See Vol. V., New England Farmer, p. 157, 203. “forests must not be thinned, nature will take care of them”_"evergreens will be ruined by thinning." Twelve years ago we saw a forest of Mr. Editor :- I wish to inquire, through your white pines thoroughly thinned and pruned, and columns, if you, or

any of your subscribers, hare we have seldom seen a finer growth on any for- had any experience in cultivating the above est than on that. Mr. Bartlett will please ac



named grain? If so, whether the secd or root

will remain in the ground and germinate in after cept our thanks for his valuable article.

years ?

New Haven, Vt., Jan. 30, 1855.

L. W. 8


Those planted on the hen-manure and muck, did SIR-I am the owner of a house and a half not produce quite one-half as much as the same acre of land, and keep one horse, and wish to number of hills on muck alone. know of the best way to prepare the manure for West Poland, Me., 1855. T. TENNEY. the land. Shall I mix the two together, adding ashes, or lime, or salt? I keep no pig, but throw the manure into the poultry yard. Ought the vines or trash from the garden to be thrown on to the manure? How long before the compost would skill in the use of them, especially as oats and be fit to use. other grains were high. I fed several, last fall,


MR. EDITOR: Having heard that pigs would thrive well on turnips, I thought I would try my

I had a good garden last year-nothing suffered entirely on turnips, for two weeks, together with from the drought, although my land is elevated. the slops from the house, and then as long on I want a better garden next year, if possible-oats. With oats at 50 cts., and turnips at 12 or therefore, the reason of asking the above ques- 15 cts. per bushel, I became satisfied that the turtions, and by answering them you will oblige a nips would produce a larger growth than an equal CONSTANT READER.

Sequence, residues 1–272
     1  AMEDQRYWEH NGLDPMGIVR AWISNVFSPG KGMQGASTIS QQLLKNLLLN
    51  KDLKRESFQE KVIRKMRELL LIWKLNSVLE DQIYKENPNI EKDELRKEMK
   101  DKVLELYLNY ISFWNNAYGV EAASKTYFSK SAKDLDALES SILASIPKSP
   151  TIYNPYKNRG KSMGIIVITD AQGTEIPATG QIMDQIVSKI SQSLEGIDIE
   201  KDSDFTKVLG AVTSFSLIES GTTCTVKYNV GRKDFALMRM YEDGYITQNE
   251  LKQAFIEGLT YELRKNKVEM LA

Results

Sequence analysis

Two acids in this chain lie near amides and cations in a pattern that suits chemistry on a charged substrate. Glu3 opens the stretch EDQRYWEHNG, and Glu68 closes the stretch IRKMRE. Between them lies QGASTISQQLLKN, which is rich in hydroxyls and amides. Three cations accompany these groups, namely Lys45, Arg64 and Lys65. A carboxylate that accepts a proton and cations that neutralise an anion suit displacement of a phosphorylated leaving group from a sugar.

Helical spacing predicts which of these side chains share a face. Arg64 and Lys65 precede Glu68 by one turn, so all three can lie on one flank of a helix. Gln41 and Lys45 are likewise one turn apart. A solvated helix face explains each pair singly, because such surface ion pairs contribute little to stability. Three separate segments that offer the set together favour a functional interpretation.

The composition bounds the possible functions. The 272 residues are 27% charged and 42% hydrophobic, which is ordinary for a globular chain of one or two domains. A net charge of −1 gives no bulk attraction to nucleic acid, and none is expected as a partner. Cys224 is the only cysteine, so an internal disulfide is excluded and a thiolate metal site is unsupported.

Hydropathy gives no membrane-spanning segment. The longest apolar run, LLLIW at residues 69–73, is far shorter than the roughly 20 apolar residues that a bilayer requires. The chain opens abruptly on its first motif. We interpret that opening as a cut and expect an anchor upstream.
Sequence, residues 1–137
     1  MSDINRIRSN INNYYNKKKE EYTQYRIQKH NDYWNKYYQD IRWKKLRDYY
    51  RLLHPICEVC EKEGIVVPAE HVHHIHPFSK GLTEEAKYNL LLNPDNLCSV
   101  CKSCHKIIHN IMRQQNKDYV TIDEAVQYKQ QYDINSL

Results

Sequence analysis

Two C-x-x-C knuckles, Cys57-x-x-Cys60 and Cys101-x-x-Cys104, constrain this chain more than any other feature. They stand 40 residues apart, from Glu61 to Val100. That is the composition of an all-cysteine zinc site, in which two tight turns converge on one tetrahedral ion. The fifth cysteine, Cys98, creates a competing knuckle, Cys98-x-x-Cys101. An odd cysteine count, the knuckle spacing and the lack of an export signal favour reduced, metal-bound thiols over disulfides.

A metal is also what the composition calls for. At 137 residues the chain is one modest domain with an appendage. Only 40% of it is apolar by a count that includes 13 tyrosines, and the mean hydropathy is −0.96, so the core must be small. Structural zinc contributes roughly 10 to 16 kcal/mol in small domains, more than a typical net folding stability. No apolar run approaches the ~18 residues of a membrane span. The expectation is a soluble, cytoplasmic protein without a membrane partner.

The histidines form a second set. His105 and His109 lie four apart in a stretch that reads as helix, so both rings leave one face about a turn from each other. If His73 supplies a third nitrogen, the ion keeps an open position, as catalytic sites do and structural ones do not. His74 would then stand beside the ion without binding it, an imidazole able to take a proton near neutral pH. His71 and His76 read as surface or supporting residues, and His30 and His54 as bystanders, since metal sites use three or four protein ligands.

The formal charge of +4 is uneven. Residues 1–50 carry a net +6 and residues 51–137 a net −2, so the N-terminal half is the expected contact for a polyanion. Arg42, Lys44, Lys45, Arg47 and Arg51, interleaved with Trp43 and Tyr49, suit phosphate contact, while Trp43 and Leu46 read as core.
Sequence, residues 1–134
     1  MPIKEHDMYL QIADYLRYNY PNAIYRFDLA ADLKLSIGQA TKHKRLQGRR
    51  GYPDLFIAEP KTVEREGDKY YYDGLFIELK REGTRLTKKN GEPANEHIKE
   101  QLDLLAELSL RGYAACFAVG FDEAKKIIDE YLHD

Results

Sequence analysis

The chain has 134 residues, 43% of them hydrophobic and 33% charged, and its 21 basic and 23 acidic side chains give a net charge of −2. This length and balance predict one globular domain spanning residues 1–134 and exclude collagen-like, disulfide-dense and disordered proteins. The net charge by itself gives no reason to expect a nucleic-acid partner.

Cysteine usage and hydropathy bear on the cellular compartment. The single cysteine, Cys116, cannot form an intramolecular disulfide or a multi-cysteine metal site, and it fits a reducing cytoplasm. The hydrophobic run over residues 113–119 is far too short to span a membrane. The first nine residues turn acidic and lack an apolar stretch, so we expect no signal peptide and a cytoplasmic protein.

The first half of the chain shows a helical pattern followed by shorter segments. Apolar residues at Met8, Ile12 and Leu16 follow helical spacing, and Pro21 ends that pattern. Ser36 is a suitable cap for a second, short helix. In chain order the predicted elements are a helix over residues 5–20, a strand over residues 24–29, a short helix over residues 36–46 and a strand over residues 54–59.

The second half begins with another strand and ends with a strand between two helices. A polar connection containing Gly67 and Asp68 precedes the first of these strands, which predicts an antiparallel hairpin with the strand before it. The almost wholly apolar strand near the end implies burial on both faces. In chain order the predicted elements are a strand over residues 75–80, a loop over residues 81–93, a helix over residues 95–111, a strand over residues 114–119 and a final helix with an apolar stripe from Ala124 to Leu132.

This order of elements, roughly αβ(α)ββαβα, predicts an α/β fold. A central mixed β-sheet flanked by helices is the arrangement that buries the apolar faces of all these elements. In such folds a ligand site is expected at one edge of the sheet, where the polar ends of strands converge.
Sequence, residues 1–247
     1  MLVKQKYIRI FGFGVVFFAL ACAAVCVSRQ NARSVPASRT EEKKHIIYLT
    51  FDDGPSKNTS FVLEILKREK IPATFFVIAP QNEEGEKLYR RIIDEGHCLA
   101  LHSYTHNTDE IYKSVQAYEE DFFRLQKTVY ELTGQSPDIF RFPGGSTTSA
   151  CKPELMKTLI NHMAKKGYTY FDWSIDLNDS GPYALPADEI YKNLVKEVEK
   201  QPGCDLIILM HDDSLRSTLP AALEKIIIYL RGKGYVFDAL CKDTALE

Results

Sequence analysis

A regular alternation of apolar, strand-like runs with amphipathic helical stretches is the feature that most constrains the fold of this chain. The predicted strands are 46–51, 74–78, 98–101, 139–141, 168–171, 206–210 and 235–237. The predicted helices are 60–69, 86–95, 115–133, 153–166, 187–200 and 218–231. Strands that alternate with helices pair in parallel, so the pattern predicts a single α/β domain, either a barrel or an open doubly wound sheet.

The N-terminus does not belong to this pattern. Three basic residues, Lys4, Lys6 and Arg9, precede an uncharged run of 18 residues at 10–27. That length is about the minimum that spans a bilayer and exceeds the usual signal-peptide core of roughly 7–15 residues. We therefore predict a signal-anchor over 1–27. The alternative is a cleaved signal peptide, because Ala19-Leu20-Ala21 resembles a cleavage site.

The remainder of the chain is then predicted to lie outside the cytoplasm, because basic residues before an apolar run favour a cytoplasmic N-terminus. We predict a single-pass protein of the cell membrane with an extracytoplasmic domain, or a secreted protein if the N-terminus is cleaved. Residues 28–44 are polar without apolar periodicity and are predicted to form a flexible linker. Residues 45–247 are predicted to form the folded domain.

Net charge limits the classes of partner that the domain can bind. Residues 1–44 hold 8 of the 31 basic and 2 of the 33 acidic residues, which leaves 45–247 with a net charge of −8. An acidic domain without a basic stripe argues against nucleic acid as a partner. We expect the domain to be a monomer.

cost for oats.

Canaan, Vt., 1855.

Medford, Jan. 19, 1855.


REMARKS.-In the autumn, gather all the vines, leaves, and every kind of vegetable matter that will ferment and decompose readily, and place it weighs thirty-one pounds. I have a turkey seventeen months old, that If you think he is where the horse manure may be conveniently worth a notice, please give him some spare corthrown over it. If this, with the daily additions ner. A SUBSCRIBER. from the stable, can be kept from freezing, it will January 23, 1855. be better. In the course of the winter throw it REMARKS. - A turkey of that size deserves a over and mingle the whole intimately. If, in the more conspicuous place than a corner; we should spring, the mass is too crude and coarse for use, be happy to place him or the centre of our dinnerthrow it up lightly, wet it, and when the process table, and pay him most respectful attention, for of fermentation has gone so far as to cause the at least the space of thirty minutes.


whole to fall to pieces on overhauling it, you will
find it in a convenient and profitable state for the
MR. EDITOR-I would like to inquire where I
Another source of collecting and preserving can procure some four-rowed barley, and the
rich and valuable materials, may be this:-In price per bushel? (a.) What is the proper quan-
the garden, and near the back door of the house,tity of guano per acre to put in a hill for
make a bed of the loam you speak of. Let it be corn? (b.) Is there as much difference in value
between the Peruvian and Mexican, as there is in
of any size or shape you please, and six to twelve the price? (c.) Will the osier willows be large
inches deep; then raise the edges eight or ten enough to cut every year, after they once get
inches, and upon this throw the waste water of rooted? (d.)
the house through the winter; then, as soon as

Kensington, N. H.

the muck is thawed in the spring, add the collec-|

tions of any of the back buildings, and mingle the seed stores, price $1.50 per bushel. REMARKS.-(a.) The barley may be obtained at the whole thoroughly once or twice before it is time to apply it to the garden. In this you will find your garden answering your most sanguine expectations.